A Look Inside the Fairfax County Board of Supervisors Meeting Dec. 1, 2020

Highlights of discussion and actions that impact all who live, work and play in the diverse county

Dec. 1 marked the final Fairfax County Full Board of Supervisors Meeting with Public Comment of 2020. In a year historians will mark in history with the COVID-19 pandemic, the Board held its meeting electronically due to the State of Emergency and the recent trend upwards in coronavirus cases. Chairman Jeffrey C. McKay, At-Large presided with all nine Supervisors present representing residents in their districts: Walter L. Alcorn, Hunter Mill; John W. Foust, Dranesville; Penelope A. Gross, Mason; Patrick S. Herrity, Springfield; Rodney L. Lusk, Lee; Dalia A. Palchik, Providence; Kathy L. Smith, Sully; Daniel G. Storck, Mount Vernon; and James R. Walkinshaw, Braddock. Each Board member receives annual compensation of $95,000 per year, except the chairman, who receives $100,000 per year. 

Within the county, 25.2 percent of households make $200,000 or more, yet 6.2 percent of the population live in poverty, according to data released by Fairfax County Government Jan. 2020. Previously recorded Board of Supervisors Meetings with captions and indexed per agenda items for rapid bookmark finding, can be viewed anytime at Board of Supervisors Meetings Video Archive.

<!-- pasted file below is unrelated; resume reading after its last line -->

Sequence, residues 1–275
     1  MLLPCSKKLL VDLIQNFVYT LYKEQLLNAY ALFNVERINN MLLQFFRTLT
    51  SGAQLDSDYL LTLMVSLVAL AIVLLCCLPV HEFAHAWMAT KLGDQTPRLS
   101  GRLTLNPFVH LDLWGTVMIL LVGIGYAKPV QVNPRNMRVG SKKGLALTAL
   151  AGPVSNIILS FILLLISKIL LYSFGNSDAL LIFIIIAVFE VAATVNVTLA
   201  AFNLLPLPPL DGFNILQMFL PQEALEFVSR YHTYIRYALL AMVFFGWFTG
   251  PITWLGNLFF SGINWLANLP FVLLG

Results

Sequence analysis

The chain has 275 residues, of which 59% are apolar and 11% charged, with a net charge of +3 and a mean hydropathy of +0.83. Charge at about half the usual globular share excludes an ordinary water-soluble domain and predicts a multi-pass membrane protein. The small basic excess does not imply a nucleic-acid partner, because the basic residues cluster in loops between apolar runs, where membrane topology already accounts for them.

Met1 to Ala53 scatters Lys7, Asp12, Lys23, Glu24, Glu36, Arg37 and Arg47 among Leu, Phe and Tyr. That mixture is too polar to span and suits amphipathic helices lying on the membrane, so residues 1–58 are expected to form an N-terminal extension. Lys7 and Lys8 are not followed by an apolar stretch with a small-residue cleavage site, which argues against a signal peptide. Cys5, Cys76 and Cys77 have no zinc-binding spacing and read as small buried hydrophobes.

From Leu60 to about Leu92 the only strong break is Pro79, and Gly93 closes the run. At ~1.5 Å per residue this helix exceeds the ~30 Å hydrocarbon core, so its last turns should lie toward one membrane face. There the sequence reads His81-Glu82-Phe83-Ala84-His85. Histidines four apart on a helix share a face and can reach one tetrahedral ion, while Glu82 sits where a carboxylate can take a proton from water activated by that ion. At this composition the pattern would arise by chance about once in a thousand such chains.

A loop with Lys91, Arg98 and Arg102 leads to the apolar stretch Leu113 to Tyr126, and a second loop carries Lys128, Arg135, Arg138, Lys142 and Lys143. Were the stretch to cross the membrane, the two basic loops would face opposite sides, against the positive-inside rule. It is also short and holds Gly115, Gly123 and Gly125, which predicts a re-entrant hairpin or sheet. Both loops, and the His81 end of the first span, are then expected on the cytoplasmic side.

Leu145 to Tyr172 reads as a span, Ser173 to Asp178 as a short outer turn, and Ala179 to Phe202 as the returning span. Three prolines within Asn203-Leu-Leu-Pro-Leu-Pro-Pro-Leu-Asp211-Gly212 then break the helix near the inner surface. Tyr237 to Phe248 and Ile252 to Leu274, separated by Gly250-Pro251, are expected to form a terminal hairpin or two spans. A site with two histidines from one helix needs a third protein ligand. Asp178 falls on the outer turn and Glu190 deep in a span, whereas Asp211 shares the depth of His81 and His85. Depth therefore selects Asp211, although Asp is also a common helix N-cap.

Fairfax County is divided into nine magisterial districts with nine of the ten members of the Fairfax County Board of Supervisors elected by voters living in these individual districts and the Chairman elected by voters county-wide. Districts are of approximately equal population.

Chairman Jeffrey C. McKay opens the Dec. 1 Board of Supervisors Meeting saying, “All of us are concerned about uptick in (COVID-19) cases and we are monitoring that closely...If we could keep all of those affected by this pandemic in our thoughts and prayers.”